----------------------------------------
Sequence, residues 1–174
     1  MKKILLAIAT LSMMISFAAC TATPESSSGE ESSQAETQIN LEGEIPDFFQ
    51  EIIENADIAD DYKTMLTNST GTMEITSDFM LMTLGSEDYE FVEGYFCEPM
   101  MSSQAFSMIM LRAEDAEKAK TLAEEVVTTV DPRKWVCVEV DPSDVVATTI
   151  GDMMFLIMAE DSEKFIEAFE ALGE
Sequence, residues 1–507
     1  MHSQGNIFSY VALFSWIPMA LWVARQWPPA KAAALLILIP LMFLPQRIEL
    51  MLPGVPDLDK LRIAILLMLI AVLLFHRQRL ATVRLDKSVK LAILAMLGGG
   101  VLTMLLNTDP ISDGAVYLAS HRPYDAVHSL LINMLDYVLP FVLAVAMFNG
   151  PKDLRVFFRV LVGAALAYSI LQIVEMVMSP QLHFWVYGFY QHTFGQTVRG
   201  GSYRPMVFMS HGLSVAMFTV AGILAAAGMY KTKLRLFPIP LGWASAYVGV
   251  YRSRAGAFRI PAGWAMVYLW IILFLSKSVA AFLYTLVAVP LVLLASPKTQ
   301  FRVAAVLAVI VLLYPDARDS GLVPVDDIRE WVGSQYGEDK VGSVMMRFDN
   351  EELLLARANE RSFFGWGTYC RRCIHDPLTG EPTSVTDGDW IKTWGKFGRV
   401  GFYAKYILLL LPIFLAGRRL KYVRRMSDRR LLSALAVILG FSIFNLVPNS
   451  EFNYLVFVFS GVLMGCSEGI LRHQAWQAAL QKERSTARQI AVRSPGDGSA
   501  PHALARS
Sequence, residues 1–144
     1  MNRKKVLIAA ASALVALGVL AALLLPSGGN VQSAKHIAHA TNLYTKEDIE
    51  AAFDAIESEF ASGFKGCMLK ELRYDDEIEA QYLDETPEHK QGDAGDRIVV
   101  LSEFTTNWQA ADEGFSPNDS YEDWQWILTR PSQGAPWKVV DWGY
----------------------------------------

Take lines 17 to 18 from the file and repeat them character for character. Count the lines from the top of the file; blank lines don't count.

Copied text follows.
   501  PHALARS
Sequence, residues 1–144